Office: 705.293.0492
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DLM Tomato 2021

This photo depicts the sum total of my vegetable gardening efforts for this year. A solitary tomato (there were a few others, but the squirrels beat me to them) and an unruly bunch of Brillo-tough parsley–that’s it. Sigh.

Every spring, I have such grand plans for the new growing season! I buy tiny pots of herbs, purchase multiple little tomato plants, order seeds for carrots and melons that never get planted and start gardening–my willingness a triumph of hope over experience. What do I do this?

Insanity has been defined as doing the same thing over and over and expecting a different result. I’m clearly stuck in a loop of what I think I can/should do and reality. In truth? I don’t even like vegetable gardening (amply demonstrated by my sprawling, unstaked tomato plants and lettuces so tough even the neighborhood bunnies won’t munch on them).

There’s an old saying about persistence that says, “If at first you don’t succeed, try, try again.” I’ve decided that’s actually pretty terrible advice. As a coach, I tell my clients, “If at first you don’t succeed, try something else!” I need to take my own advice, so I am making a public declaration that next year it’s mint for my iced tea and that’s it.

But enough about me. This annual gardening fiasco is a metaphor for how we can get trapped doing something we’re not any good at and don’t even like all that much anyway. But old habits (and expectations) die hard. As a coach, I see this kind of stuckness all the time in clients who cling to jobs they hate, industries they care nothing about and even locations where they no longer want to live. My role is not just to help them see new possibilities, but to dare to even look.

Why is change so hard? Why are we unwilling to leave situations we’re not fully engaged in? A horrible job is one thing, but it’s even harder to leave a mediocre job for the great unknown (better the devil you know, etc.) One of the things that seems to help my clients is to take a step back and focus first on who they are right now in their life as a whole and what they want their future to look like. I am fond of saying that career planning starts as an inside job: understanding who you are irrespective of your job, identifying the things you are not only good at but enjoy doing and telling the truth to yourself about what you discover is a great way to move beyond self-imposed limitations.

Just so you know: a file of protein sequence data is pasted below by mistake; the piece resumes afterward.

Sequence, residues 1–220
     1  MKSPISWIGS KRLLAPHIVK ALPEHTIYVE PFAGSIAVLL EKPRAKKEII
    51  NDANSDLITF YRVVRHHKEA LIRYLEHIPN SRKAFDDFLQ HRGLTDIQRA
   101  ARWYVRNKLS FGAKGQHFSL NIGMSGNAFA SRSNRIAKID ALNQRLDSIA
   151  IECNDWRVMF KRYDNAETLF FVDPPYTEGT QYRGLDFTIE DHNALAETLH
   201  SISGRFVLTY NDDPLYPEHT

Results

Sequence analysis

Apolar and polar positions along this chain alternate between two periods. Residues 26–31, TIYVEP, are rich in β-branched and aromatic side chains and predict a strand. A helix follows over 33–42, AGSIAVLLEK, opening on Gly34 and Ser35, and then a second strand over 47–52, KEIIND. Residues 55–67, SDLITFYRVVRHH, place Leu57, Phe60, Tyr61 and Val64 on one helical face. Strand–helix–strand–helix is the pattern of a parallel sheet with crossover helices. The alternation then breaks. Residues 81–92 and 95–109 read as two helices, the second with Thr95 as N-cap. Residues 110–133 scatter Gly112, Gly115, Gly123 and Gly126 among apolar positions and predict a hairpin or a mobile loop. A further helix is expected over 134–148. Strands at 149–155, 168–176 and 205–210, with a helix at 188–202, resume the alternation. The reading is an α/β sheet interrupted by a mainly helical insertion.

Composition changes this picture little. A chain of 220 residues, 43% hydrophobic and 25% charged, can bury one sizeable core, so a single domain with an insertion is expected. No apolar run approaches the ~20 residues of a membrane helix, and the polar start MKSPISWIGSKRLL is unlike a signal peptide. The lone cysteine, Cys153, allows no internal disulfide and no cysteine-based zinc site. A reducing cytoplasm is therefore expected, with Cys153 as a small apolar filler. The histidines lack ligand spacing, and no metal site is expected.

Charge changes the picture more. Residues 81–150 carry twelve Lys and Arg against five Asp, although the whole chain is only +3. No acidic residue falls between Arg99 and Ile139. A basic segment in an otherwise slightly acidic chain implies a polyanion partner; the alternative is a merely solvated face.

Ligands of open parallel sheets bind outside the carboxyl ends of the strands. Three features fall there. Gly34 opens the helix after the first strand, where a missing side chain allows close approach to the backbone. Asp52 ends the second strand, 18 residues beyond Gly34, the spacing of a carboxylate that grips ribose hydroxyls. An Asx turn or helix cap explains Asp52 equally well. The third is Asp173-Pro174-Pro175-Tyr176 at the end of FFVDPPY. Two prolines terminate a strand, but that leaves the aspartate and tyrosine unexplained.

A clear sense of identity and the belief that change is possible often gives clients the courage to start exploring what careers/jobs/callings other people who are “wired” like them pursue. As they discover like-minded/hearted individuals, they gain greater perspective and understanding where their competence is needed and wanted boosts their confidence naturally.

Once it gets to the point of a job search–whether a career continuation, a pivot/shift or a radical change–they are well-prepared to keep themselves at the center of the process. Evaluating every bit of research, every networking conversation, every interview in terms of its impact on them helps them discover if they are more interested or less so after further exposure. Refining their search via an ongoing action/reflection process eventually yields the results they seek: a new role doing work they want as well as can do for a boss who gets and appreciates who they are and what they bring in an organization with a culture consistent with their values as well as goals. That is the harvest they reap.

Often, it’s a matter of evaluating and repositioning skills for an appropriate context. While my backyard vegetable gardens are a constant disappointment, my front flower garden is so lush that even discarded grocery store mums come back the next season as gigantic vast-sized balls of flowering glory. Focus is everything!

Even if your career experience to date has looked more like my meager veggie garden than my abundant flower bed, there is hope. The philosopher Voltaire remarked, “We must cultivate our garden.” Very true, but in terms of career as well as botany, make sure you pick the right sort of garden, prepare the soil thoroughly, plant consciously and weed regularly. You reap what you sow, so make your actions count. You can do it; we can help. Let’s talk.


Schedule time with me!

Post Categories